For Lent, my church community is going through the book Not a Fan by Kyle Idleman. While I am enjoying the conversations we've been able to have through this book, I can say with confidence that I am not a fan.
Don't bother with this book. It is theologically incoherent. In regards to salvation, Idleman consistently vacillates between the prioritization of divine agency and human agency, but finally lands the ship in human agency. When it's all said and done, for Idleman, divine agency in salvation is made contingent upon a faithful human response. For Idleman, it's what we do that finally determines our status with God, but the gospel says precisely the opposite. While he leaves himself exits from this rationale every few pages with something about grace, he has, by and large, conflated the distinction and importance of God's action into human action. Again, this is theologically incoherent.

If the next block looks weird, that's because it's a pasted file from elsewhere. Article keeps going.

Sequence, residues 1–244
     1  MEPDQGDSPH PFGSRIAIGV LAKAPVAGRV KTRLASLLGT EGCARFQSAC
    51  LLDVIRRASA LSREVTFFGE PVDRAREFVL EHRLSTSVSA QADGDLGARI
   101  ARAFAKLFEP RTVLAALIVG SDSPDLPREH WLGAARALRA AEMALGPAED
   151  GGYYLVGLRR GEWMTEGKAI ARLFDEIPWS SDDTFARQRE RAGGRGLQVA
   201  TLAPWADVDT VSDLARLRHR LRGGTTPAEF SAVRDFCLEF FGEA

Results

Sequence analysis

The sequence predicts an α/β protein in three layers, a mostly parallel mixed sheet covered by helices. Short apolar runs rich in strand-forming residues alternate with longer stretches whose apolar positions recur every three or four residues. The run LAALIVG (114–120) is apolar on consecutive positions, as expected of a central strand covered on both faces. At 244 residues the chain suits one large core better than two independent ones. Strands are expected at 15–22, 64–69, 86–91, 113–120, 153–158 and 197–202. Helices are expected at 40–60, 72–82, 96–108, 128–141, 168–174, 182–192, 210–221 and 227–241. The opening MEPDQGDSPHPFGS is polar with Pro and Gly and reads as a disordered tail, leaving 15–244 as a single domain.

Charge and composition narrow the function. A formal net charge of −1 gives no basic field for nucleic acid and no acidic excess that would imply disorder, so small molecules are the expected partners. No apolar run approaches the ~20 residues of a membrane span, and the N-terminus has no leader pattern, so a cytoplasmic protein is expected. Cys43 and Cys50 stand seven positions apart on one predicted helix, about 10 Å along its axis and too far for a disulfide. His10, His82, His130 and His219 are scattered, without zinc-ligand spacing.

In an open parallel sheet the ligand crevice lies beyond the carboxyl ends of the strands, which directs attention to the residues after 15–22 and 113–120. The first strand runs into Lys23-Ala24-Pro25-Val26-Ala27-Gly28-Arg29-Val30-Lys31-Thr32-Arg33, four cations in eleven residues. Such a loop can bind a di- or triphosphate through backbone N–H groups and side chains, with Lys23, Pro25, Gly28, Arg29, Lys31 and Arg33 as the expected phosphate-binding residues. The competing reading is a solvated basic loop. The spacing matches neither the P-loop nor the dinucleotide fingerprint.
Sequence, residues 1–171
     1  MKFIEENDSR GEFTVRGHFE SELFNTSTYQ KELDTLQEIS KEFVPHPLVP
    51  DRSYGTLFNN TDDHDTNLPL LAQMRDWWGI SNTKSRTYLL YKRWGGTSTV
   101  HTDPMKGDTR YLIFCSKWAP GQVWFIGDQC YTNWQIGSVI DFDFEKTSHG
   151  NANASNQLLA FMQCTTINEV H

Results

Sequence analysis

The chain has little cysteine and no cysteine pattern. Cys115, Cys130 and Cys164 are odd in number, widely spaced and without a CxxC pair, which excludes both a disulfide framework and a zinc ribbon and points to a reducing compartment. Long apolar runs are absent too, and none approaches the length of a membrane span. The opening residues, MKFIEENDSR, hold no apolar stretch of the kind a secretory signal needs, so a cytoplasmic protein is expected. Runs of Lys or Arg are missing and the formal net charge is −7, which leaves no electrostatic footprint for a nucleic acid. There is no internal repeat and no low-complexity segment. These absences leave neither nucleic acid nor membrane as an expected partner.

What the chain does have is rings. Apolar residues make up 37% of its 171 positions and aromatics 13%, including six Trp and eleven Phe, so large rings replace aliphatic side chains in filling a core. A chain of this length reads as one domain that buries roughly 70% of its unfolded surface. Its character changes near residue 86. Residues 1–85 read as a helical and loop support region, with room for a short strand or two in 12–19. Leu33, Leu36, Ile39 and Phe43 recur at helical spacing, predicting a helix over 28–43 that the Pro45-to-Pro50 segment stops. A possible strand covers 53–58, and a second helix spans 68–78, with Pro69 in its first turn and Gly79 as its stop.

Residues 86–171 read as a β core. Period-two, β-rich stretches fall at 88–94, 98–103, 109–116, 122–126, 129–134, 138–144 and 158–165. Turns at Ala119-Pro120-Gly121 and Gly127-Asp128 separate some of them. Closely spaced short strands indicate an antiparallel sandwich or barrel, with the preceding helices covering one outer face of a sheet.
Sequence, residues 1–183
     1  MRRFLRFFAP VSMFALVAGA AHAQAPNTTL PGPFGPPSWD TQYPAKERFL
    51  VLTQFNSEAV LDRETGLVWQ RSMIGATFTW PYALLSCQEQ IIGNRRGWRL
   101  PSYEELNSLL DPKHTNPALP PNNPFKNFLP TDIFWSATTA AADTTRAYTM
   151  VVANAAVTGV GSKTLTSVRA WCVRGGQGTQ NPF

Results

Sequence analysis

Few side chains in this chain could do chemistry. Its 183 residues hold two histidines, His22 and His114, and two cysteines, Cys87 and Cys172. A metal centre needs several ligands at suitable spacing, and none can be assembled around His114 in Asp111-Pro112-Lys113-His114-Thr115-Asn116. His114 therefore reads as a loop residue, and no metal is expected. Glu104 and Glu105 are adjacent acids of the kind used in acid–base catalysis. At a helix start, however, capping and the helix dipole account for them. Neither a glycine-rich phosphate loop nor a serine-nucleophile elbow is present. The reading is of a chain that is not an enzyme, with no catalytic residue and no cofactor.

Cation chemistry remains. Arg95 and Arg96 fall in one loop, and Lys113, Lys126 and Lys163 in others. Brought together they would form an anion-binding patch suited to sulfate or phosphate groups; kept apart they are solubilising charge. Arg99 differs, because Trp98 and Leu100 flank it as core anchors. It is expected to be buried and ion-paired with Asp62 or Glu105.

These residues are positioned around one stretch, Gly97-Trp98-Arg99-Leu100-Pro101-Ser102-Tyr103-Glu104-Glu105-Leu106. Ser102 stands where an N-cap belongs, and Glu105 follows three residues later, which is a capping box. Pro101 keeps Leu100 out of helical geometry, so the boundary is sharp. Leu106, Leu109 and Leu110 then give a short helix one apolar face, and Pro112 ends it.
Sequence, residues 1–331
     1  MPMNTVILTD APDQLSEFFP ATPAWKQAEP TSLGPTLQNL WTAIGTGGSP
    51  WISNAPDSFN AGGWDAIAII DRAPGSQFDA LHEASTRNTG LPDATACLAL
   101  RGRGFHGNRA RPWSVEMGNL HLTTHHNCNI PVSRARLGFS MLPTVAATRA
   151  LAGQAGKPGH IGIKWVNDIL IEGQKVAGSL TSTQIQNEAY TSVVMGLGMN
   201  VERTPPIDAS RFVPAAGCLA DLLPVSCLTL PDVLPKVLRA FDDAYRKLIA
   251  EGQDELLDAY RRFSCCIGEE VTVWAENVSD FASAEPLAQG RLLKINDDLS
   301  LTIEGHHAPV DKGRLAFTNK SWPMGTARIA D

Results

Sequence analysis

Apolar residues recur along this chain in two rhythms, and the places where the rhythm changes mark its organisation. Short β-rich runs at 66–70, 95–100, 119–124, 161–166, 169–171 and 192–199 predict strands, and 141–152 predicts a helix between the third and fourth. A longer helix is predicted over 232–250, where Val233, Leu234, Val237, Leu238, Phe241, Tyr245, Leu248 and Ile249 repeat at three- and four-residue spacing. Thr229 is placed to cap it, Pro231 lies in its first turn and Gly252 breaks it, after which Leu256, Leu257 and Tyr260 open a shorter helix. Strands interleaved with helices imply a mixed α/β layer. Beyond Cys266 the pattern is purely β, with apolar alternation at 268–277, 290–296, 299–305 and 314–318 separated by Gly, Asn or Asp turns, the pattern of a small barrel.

The gospel does not distinguish fans from followers. Human response to the gospel may warrant such a distinction, but the very point of the gospel is that God's grace goes before us. God's grace precedes our response to it and renders our action meaningless in regards to our salvation. Our action finds its distinction, meaning, and importance only as it is subject to God's grace (not the other way around!). Human action is not what saves us. It is important because of what it can do to the people around us--either making life better or more miserable for them--but it does not determine our "eternity." Thus, we are invited to follow Christ not out of necessity for salvation, but as a response to the divine invitation to participate now in that future which has become ours through Christ's resurrection, even as our present impossibility and brokenness have become God's through Christ's death.
Don't bother with this book. Read something by Henri Nouwen or N.T. Wright if you're looking for something accessible.